I’m intrigued by the story of the judge who spared a young man from jail on terrorism offences, provided he committed himself to reading a prescribed list of works by Jane Austen, Dickens and the like. What’s not clear is whether he intended the mere effort of reading – and submitting to the judge’s test of said reading after Christmas – to be a sufficient distraction from plotting neo-Nazi unpleasantness; or whether those books in particular might reset his befuddled brain, because of some inherent moral qualities. Pride and Prejudice, most would agree, is a good book in an aesthetic, literary sense, which is what fixes its place in the canon; but does that make it good in the same way we’d describe a good person, someone who is essentially righteous? And even if it were, might something more overtly didactic (To Kill A Mockingbird, say) do a better job in changing hearts and minds?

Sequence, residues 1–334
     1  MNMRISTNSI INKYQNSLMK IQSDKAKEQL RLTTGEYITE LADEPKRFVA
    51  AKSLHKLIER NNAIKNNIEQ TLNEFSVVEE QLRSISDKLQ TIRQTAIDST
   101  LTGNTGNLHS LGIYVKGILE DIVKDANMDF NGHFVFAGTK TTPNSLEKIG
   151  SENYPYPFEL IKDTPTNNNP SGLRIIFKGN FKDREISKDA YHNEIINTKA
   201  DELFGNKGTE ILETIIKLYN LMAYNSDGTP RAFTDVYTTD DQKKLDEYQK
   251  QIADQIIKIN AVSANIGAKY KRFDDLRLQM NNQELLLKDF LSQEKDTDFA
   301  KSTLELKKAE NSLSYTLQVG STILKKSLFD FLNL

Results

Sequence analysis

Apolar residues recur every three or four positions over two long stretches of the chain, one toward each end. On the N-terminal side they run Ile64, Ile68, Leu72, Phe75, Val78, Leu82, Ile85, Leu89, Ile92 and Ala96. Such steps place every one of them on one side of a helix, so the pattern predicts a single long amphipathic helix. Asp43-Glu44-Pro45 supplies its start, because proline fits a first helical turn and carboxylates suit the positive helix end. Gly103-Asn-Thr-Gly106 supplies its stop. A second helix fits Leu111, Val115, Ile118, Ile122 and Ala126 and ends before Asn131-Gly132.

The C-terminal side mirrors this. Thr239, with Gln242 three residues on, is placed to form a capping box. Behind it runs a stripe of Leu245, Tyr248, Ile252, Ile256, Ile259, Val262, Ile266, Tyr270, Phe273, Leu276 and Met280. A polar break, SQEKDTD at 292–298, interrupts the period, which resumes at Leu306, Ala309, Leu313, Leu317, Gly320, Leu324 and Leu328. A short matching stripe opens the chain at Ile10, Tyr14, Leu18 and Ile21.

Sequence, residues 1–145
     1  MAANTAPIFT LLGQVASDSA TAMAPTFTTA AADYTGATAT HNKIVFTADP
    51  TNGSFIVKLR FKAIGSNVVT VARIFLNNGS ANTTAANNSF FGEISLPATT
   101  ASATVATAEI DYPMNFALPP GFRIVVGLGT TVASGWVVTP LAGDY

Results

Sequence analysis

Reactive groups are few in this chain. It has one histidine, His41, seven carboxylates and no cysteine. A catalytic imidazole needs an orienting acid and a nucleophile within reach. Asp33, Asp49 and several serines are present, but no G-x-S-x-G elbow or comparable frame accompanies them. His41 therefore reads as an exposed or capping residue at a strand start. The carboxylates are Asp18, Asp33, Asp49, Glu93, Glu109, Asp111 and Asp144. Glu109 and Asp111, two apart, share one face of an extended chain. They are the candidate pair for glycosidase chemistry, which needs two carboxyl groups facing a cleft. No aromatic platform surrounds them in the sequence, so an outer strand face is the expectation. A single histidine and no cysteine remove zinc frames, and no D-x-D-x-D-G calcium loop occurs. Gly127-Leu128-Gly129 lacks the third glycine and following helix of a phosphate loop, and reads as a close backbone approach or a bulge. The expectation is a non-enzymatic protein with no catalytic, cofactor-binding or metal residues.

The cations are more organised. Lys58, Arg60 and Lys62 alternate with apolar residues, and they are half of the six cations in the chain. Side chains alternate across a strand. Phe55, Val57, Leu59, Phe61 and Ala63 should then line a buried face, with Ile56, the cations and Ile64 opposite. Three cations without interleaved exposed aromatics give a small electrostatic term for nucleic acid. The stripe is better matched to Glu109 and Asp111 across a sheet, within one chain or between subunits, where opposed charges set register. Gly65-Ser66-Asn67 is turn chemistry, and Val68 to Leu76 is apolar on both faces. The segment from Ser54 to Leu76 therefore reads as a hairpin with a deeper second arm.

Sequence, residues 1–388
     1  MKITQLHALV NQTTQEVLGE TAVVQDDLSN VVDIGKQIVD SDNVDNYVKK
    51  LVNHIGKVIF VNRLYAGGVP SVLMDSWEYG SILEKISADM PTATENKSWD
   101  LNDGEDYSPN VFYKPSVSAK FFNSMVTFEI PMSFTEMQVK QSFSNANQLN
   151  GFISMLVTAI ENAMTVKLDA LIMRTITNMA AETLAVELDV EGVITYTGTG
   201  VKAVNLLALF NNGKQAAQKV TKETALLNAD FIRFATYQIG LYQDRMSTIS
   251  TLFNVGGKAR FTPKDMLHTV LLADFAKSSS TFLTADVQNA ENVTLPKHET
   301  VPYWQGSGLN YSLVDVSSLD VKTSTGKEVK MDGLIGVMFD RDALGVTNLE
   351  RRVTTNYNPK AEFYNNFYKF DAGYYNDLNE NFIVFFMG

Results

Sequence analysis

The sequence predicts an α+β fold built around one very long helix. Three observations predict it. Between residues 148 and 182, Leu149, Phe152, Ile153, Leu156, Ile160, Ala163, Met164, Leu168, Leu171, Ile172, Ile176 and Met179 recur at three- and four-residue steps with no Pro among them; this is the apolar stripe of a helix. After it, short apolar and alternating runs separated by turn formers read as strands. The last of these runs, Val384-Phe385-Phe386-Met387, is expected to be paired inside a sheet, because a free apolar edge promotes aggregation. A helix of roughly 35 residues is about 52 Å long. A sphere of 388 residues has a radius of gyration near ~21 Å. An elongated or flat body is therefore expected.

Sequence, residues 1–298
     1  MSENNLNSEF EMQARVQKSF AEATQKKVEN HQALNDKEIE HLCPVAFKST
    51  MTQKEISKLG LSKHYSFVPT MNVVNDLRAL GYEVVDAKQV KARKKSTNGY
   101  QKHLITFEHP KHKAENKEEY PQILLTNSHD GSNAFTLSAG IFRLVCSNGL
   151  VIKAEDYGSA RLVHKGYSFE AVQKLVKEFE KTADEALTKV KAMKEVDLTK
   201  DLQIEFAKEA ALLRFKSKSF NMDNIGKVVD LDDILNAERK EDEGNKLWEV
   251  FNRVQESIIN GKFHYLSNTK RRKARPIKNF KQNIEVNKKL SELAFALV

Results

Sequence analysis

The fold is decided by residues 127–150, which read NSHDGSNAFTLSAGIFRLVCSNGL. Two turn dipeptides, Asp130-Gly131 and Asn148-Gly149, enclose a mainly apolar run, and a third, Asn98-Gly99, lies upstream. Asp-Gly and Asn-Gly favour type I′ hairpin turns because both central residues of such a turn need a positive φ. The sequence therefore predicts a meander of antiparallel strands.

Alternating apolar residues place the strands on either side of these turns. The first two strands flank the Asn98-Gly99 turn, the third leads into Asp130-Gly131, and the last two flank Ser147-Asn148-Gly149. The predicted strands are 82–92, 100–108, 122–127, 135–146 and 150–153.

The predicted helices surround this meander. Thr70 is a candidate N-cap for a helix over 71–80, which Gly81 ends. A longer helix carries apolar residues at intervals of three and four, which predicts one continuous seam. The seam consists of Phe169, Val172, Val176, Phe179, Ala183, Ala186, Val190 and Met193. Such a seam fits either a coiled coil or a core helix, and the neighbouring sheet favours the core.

Of course, if Judge Timothy Spencer QC had just told the accused to go away and read a few books, he might have curled up with a copy of Mein Kampf. Or even The Picture of Dorian Gray, wherein he would have found this snippet of subversion:
There is no such thing as a moral or an immoral book. Books are well written or badly written. That is all.